Pessimistic entrepreneurs more successful than optimistic ones, study finds

UNITED KINGDOM — In business, it pays to curb your enthusiasm. A study by researchers in the United Kingdom found that business owners who enter new ventures with great optimism earned about 30% less than entrepreneurs who are more wary of lofty expectations.

The study’s authors say their findings may shed some light into why only half of new businesses in the UK survive their first five years.

For the study, researchers tracked individuals moving from paid employment to starting their own businesses. Their results show that that overly-optimistic entrepreneurs are frequently setting up ventures that actually have little realistic chance of being successful. In the end, it appears the optimists simply overestimate their chances of success and underestimate their probability of failure. This train of thought also leads to underestimating challenges and roadblocks that will affect business owner’s bottom line.

“Our results suggest that too many people are starting business ventures, at least as far as personal returns are concerned. As a society we celebrate optimism and entrepreneurial thinking but when the two combine it pays to take a reality check,” explains Dr. Chris Dawson, lead author and associate professor of Business Economics at the University of Bath’s School of Management, in a statement.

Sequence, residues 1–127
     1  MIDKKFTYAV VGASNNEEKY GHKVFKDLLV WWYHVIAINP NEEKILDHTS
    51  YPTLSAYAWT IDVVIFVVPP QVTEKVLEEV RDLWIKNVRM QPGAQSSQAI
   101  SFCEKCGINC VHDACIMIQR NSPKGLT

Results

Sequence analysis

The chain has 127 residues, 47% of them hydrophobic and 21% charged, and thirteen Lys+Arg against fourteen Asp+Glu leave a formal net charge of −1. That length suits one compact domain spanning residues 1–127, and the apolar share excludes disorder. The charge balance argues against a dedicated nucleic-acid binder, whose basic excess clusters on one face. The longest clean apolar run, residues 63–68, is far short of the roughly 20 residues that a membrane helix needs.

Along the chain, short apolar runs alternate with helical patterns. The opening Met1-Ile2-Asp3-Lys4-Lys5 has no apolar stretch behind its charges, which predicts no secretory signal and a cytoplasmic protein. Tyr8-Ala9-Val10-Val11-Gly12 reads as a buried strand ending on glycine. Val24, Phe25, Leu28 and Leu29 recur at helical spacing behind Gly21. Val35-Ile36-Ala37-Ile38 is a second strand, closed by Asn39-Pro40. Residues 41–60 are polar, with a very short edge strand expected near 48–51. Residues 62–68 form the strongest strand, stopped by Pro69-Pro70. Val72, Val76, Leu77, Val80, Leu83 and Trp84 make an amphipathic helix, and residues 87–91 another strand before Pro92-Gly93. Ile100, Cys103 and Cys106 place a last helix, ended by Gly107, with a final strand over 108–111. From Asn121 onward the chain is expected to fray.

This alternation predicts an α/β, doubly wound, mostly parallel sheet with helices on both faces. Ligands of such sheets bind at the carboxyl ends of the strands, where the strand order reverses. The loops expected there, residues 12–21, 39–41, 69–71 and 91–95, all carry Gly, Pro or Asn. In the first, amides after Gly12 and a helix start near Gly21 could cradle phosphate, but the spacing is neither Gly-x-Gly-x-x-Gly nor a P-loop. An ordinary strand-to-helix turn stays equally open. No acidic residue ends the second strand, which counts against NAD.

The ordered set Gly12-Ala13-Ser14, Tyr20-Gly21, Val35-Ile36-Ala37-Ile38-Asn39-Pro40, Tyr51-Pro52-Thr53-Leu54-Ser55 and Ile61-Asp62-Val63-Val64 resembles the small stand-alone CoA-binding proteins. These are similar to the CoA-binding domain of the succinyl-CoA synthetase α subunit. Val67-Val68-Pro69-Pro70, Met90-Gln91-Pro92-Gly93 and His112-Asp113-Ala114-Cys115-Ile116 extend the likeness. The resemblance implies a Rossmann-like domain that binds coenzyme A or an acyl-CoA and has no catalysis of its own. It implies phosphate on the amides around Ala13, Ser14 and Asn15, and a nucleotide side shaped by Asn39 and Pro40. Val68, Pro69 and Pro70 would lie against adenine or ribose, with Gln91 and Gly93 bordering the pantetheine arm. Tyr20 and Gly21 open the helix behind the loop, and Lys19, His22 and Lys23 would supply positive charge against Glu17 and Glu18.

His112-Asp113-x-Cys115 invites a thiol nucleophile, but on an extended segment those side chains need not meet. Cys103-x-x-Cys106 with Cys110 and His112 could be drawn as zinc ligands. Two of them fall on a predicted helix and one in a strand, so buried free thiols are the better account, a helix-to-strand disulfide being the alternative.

Dawson points to television programming such as ABC’s “Shark Tank” or the BBC equivalent, “Dragon’s Den,” which demonstrates how founders and investors are often mired in too much wishful thinking.

“Pessimism may not generally be seen as a desirable trait but it does protect people from taking on poor entrepreneurial projects,” says Dawson, who also worked on the study with researchers from the London School of Economics and Political Science and Cardiff University.

Data for the study was pulled from 18 years’ worth of data from the British Household Panel Survey, a major longitudinal study.

The study was published in the journal European Economic Review.

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